Future Apartments of Crown Heights? - Brooklynian

Future Apartments of Crown Heights?

Saw this little gem below on Curbed. With all the apartment chopping happening left in right, perhaps this is what landlords will resort to in order to get more money. With a dishwasher and a back-splash, it might work. My landlord took a rent stabilized one-bedroom, opened up the kitchen, made the part of the living room into another bedroom. Voila, and he now charges $2400! It was snapped up pretty quickly.

http://ny.curbed.com/archives/2015/04/13/someone_is_paying_1795month_for_this_sad_kitchen_shower.php

Comments

  • Damn, why not put the shower in that closet? Not that that is a big improvement.
  • Either the landlord was too cheap or the bathroom was too small to attach the toilet paper to the wall.
  • edited April 2015
    It is quite common in Hong Kong and other cities for there to be no shower stall. The bathroom just has a floor drain.

    I'm not sure how the new micro apartments will be designed, but it seems reasonable to me.

    http://www.nytimes.com/2015/02/22/realestate/micro-apartments-tiny-homes-prefabricated-in-brooklyn.html
  • I read that in Japan there are apartments where there are no toilets and the people just squat over the drain but that doesn't mean I'd want to live that way. I mean, how would I be able to read???
  • I'm not sure if this is the future or just a lazy, cheap and extremely poor cash grab by the land lord. Actually, I'm pretty sure it's the latter. 

    @whynot_31 I used one of those showers when I stayed in Berlin for a few weeks and just loved it.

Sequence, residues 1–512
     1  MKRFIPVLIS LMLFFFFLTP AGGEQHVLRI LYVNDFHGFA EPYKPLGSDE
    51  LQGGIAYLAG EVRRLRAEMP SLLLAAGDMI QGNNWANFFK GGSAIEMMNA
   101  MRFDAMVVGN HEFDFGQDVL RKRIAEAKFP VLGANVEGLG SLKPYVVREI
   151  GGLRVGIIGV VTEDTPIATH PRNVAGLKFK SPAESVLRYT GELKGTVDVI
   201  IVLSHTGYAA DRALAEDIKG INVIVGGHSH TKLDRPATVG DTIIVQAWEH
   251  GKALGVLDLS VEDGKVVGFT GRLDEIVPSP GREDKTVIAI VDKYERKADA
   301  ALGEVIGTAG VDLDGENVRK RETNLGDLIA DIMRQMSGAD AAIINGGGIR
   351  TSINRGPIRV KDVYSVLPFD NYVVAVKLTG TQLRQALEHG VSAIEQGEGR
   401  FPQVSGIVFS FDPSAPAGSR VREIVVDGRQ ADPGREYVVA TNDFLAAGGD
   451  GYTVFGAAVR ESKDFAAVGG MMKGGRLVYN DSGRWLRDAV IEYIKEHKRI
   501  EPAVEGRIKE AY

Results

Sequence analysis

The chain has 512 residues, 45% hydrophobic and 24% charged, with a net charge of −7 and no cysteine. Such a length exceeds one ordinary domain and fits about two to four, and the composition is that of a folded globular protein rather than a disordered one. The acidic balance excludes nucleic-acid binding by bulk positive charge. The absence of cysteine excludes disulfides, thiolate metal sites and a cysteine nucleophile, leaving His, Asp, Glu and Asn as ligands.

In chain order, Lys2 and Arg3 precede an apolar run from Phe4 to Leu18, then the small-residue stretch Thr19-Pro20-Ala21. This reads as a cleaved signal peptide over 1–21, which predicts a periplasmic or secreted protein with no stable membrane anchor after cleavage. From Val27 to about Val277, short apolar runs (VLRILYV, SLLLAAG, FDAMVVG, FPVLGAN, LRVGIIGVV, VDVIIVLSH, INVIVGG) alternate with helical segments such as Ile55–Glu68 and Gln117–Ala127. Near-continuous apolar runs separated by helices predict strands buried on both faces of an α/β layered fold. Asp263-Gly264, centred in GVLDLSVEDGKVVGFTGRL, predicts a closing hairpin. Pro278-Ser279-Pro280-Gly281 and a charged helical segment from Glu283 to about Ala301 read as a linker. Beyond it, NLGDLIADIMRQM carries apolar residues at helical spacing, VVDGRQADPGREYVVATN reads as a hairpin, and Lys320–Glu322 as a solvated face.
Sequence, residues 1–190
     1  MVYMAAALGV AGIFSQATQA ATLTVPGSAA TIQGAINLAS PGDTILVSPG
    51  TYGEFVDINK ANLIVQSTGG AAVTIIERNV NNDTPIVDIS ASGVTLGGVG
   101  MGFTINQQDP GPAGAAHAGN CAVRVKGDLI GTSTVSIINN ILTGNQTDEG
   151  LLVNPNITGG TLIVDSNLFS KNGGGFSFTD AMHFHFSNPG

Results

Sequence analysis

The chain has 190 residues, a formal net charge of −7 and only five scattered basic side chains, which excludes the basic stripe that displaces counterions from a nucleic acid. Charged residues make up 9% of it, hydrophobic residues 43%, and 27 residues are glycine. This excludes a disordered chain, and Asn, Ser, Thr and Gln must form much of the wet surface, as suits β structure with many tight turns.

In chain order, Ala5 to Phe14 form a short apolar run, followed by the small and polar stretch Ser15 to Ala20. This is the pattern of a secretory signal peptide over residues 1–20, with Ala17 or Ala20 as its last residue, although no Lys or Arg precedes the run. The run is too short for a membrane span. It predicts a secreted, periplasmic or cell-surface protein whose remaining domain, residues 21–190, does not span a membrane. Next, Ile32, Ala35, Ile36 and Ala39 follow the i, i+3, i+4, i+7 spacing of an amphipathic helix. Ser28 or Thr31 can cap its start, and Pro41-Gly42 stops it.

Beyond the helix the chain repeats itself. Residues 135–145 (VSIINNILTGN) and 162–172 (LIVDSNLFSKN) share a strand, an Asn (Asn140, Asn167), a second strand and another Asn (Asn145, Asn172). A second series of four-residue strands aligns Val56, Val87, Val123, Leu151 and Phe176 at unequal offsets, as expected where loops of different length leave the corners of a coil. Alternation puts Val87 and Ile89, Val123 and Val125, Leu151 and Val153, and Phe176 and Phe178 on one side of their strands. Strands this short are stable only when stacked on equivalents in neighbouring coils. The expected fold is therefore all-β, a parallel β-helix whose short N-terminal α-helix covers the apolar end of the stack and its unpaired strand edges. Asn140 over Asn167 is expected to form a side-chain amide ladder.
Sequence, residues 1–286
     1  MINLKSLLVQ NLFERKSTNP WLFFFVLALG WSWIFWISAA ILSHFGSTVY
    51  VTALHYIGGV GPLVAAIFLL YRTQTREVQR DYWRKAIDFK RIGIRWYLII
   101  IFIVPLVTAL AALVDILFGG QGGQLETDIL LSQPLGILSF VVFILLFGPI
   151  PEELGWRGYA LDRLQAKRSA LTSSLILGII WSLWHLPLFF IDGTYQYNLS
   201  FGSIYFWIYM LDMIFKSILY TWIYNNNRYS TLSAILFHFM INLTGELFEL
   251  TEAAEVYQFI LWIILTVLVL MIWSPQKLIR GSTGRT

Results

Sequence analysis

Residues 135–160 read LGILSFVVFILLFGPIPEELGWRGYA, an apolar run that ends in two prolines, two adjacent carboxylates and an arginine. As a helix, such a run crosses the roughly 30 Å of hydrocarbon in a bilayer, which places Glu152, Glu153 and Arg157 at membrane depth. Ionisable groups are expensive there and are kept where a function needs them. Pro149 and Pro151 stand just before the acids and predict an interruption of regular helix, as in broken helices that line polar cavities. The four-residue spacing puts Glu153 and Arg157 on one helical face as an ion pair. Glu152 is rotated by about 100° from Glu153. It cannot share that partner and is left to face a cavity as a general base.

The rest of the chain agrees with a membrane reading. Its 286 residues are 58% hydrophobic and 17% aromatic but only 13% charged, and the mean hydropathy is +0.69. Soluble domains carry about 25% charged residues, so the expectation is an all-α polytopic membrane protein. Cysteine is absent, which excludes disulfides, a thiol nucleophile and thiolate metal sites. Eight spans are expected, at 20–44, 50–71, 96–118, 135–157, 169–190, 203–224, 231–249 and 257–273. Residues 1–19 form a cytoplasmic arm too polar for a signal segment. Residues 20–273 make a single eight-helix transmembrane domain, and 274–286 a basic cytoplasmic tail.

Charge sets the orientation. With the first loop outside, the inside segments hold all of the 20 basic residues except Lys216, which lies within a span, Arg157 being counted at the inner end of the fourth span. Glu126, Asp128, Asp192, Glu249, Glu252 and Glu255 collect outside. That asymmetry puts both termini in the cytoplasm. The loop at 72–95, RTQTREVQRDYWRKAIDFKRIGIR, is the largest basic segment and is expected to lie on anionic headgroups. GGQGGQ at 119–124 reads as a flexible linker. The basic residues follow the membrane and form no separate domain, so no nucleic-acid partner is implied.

@pragmaticguy non-western toilets are still somewhat common in Japan. Perhaps whoever wrote what you read was confused about the concept of a toilet you don't sit on. 

  • edited April 2015
    As apartments become smaller and shared with others, residents cook less and eat out more.

    It is part of why asian (and many european) cities have so many places to eat and get coffee; such public spaces provide the ability to read and relax that westerners have traditionally accomplished at home.

    As our cities become more global and capital more fluid, such western traditions may become reserved for the rich.
  • Matter of fact, there was an article on Bloomberg today that for the first time ever people spent more money dining out that on groceries so it appears that this trend is well under way.
  • Which is ironic since cooking in is much cheaper and softer healthier. I couldn't imagine ever living in a place without room to cook.
  • It isn't just about room.

    When I go out for dim sum, I consider how many hours it would take me to prepare the sheer variety of dishes being pushed by me. As a result of the economies of scale, the food is quite cheap.

    But I am with you: I hope to always be able to afford enough space to cook in the inner city.

    However, should the time come wherein I have to choose between having a kitchen or living in the suburbs, I might choose to eat out every meal.

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